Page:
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Cloud Crystals

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  • jec_nobleza23
    The sharpest ever measurement of ice crystals in clouds will help to improve climate change predictions. Scientists have created an instrument designed to help
    Message 1 of 1 , Sep 1, 2008
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      The sharpest ever measurement of ice crystals in clouds will help to
      improve climate change predictions. Scientists have created an
      instrument designed to help determine the shapes and sizes of tiny
      ice crystals typical of those found in high-altitude clouds, down to
      the micron level, comparable to the tiniest cells in the human body.

      Among the hundreds of factors climate scientists must take into
      account in modeling weather, the nature of clouds is one of the most
      important and least understood. The best researchers could do in the
      past to measure cloud ice crystals was to try to record images of
      them, but for crystals below 25 microns, the images were too blurred
      to allow accurate determination of the crystal's shape.

      Researchers need to know the shape and sizes of these ice crystals
      because their sizes and shapes influence how much incoming sunlight
      gets absorbed in the atmosphere and how much gets reflected right
      back out into space. This, in turn, can have a huge impact on the
      magnitude of possible greenhouse warming.

      Now scientists from the University of Hertfordshire and the
      University of Manchester in the United Kingdom and Colorado State
      University in the United States have developed an optical scattering
      instrument that can evaluate the size of the crystals in a different
      way. Using this instrument, the researchers have been able to
      determine sizes and shapes of the kind of ice crystals in clouds all
      the way down to the tiniest micron levels. (See the accompanying
      picture of cloud crystals; the crystals now being measured are much
      smaller than this.)

      The research team actually has built two versions of the instrument:
      one designed to operate on ground-based cloud simulation chambers or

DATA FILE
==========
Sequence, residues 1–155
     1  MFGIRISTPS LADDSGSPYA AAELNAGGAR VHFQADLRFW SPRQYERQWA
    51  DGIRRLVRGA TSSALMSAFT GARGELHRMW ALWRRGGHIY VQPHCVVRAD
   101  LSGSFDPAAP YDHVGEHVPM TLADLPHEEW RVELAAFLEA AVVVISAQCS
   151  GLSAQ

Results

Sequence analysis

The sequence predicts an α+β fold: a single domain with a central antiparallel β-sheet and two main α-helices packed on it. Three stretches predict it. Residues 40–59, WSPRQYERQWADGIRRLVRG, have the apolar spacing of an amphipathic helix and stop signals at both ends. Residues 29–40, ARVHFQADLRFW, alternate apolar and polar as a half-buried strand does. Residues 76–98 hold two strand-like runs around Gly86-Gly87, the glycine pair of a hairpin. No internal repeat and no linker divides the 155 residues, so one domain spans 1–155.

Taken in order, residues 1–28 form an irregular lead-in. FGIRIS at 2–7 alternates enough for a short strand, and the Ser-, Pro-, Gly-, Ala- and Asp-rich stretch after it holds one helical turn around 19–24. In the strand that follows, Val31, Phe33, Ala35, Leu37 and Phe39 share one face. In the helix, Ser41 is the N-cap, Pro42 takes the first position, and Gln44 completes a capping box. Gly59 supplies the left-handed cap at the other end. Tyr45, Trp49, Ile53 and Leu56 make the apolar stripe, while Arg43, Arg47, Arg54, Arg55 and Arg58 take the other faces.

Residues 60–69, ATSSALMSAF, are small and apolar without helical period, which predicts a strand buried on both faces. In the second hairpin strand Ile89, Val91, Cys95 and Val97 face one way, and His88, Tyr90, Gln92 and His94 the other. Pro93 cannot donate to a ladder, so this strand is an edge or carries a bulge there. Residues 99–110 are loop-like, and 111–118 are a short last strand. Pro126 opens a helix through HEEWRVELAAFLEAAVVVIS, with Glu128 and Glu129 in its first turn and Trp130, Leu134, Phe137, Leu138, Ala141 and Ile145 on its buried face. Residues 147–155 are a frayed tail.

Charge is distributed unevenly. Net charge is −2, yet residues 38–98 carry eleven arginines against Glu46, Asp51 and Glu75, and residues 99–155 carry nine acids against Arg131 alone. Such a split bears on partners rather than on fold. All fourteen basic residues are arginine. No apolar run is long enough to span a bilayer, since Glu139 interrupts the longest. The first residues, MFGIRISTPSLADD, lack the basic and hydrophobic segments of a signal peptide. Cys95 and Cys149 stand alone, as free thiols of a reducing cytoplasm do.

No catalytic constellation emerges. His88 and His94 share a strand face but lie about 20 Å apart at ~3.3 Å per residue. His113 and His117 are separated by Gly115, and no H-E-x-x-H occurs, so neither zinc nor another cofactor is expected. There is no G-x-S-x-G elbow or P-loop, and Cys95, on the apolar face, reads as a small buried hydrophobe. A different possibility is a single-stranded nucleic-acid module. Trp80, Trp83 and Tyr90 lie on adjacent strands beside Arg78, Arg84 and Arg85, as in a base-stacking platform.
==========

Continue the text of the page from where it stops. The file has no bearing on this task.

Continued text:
to operate in the fuselage of research aircraft; the other, an
      aerodynamic version that fits under the wing of the aircraft and
      measures the cloud particles directly as the aircraft flies through
      the cloud (see the accompanying picture). Neither instrument
      attempts to make a full image of the ice crystal, since this would
      suffer the same resolution limits of existing instruments. Instead
      they record the detailed pattern of scattered light from each
      individual crystal and then interpret these patterns using either
      theoretical models or by comparison with recorded patterns from
      known crystal shapes. From this data a crystal census of varying
      sizes and shapes can be made.

      "The new instruments should help map out a more complete
      understanding of complex crystal shapes found in atmospheric clouds,
      especially cirrus clouds which on any day can cover more than 20
      percent of the Earth's surface," says one of the researchers,
      Hertfordshire scientist Paul Kaye. "Our findings show that this
      optical scattering instrument could help climate modelers reduce one
      of the greatest areas of uncertainty in interpreting current weather
      trends and in making more accurate climate predictions."

      In addition, recent reports have examined the effect that pollution
      and the clouds caused by pollution have on reducing solar radiation
      reaching the ground, a development that may counterbalance global
      warming to some extent, and this new technology could help
      scientists better monitor and understand this situation.

      So far the new measurements, reported recently in the journal Optics
      Letters, have been made only in the lab, but will soon be made in
      actual clouds.
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